Dr Marc Morris, an expert in the Middle Ages, said experts at the Royal Mint made a “schoolboy error”.
The Magna Carta would have been ‘endorsed’ by King John of England at Runnymede, near Windsor, on June 15 1215, with a Royal seal, rather than with the stroke of a quill pen, said Dr Morris, who presented the Channel 4 show Castle
The charter enshrined that taxpayers had a right to be represented, the right to a fair trial and that nobody was “above the law”, even Royalty.
The Royal Mint commissioned the coin artist John Bergdahl to create the £2 coin to celebrate the 800th anniversary of the charter.
It is on sale for £10, complete with a ‘medieval inspired’ display mount and is a celebration of the “catalyst towards freedom for the ordinary man”.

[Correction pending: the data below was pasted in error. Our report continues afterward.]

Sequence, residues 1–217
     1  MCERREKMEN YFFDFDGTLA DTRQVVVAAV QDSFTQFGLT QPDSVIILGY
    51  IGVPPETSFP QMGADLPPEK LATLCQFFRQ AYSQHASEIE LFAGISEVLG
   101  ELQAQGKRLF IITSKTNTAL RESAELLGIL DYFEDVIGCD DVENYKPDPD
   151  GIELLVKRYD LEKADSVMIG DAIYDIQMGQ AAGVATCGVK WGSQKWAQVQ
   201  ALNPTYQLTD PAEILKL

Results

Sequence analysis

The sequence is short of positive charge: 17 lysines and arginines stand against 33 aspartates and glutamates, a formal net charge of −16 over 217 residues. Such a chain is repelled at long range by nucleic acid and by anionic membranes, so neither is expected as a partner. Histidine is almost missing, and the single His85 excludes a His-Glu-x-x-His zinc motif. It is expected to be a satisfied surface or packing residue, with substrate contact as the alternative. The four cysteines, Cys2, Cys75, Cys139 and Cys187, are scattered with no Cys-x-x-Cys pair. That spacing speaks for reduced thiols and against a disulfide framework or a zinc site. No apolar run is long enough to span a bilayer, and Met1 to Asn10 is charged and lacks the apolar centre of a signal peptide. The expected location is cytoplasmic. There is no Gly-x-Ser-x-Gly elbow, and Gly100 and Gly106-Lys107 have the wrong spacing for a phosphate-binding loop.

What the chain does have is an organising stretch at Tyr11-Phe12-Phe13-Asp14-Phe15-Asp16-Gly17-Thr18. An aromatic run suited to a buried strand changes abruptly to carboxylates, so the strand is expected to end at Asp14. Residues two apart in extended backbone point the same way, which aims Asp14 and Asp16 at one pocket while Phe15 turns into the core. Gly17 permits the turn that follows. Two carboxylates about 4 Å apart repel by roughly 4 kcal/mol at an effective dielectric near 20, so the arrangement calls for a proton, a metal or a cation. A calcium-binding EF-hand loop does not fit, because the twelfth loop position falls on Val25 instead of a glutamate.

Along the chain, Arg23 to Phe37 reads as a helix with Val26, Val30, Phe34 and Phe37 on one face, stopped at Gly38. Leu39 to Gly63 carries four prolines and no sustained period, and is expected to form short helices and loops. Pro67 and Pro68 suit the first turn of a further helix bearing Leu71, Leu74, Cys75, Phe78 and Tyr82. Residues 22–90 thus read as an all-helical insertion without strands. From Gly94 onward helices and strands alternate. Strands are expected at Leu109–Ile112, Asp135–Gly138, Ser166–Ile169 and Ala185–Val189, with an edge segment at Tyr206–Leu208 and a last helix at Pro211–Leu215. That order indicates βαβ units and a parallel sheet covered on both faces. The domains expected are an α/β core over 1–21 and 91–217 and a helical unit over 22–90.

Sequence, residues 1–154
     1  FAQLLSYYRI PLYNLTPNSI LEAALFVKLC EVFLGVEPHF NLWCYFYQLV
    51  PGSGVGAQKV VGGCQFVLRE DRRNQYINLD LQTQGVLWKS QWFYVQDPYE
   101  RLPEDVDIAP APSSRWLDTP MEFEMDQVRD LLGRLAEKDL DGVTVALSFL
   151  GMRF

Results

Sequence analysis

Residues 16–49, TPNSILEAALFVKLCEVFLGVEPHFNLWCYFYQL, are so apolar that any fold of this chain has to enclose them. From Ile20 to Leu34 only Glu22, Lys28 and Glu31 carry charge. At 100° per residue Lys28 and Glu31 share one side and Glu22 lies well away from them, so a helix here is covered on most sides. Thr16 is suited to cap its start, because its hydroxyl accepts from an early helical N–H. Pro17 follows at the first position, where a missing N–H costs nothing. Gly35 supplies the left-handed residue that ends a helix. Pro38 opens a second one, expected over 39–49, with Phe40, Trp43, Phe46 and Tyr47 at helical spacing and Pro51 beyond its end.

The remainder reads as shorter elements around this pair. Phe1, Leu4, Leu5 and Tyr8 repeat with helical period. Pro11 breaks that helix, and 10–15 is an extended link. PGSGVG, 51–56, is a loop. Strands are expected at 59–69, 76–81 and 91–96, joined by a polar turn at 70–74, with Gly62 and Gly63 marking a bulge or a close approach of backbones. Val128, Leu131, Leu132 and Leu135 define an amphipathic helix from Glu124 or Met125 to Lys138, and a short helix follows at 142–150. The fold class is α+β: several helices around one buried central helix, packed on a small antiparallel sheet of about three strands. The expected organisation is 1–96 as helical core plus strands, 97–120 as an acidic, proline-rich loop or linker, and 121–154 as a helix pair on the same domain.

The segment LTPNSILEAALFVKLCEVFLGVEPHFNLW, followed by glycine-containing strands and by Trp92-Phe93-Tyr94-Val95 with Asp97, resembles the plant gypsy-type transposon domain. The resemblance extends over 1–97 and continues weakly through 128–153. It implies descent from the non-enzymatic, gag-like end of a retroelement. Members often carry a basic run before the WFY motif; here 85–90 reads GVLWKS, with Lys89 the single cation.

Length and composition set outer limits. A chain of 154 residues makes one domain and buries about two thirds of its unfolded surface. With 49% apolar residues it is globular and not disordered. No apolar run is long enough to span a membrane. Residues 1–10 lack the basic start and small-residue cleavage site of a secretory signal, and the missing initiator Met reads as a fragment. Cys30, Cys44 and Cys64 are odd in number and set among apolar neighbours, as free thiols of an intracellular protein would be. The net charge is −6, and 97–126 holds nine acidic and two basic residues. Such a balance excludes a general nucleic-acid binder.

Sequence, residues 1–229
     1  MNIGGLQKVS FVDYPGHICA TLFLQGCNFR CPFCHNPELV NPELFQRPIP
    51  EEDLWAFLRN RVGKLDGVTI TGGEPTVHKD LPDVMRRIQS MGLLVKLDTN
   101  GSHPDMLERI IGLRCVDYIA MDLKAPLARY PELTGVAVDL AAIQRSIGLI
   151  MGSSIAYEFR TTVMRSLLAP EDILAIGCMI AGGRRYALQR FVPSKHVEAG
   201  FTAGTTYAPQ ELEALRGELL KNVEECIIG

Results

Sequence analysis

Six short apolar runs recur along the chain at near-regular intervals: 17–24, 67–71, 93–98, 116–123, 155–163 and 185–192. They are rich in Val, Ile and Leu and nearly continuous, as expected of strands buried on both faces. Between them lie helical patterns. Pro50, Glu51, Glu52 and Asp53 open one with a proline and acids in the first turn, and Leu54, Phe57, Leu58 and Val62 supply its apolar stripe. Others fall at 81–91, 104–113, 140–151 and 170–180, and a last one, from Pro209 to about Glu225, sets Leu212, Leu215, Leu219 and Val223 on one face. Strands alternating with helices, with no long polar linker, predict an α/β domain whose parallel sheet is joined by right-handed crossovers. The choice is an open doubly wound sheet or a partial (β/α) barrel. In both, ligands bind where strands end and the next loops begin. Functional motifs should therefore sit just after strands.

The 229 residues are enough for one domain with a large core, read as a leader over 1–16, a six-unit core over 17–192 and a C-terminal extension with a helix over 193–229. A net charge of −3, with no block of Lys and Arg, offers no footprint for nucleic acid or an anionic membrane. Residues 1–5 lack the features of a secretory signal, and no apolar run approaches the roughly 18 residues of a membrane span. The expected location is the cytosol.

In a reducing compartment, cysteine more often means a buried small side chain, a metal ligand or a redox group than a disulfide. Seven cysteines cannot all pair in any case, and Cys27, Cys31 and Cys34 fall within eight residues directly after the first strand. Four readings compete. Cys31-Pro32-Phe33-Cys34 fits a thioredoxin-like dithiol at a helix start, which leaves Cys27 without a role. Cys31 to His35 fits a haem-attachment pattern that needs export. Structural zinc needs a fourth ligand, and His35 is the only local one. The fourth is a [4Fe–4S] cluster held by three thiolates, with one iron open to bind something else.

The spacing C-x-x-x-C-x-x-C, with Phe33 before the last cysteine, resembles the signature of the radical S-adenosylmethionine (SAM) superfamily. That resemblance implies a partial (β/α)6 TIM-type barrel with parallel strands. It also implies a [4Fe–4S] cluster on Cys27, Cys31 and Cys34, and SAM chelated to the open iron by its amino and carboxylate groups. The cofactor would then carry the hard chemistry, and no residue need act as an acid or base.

Dr Morris, 41, the author of several books – among them The Bigod Earls of Norfolk in the Thirteenth Century and King John: Treachery, Tyranny and the Road to Magna Carta – said the coin was ‘historically wrong’.
He said: “To depict King John holding a quill is simply a schoolboy error.
“Medieval kings did not authenticate documents by signing them, they did it by sealing them – or rather by getting one of their officials to do it for them.
“All the pen in John’s hand symbolises is ignorance of this basic fact.”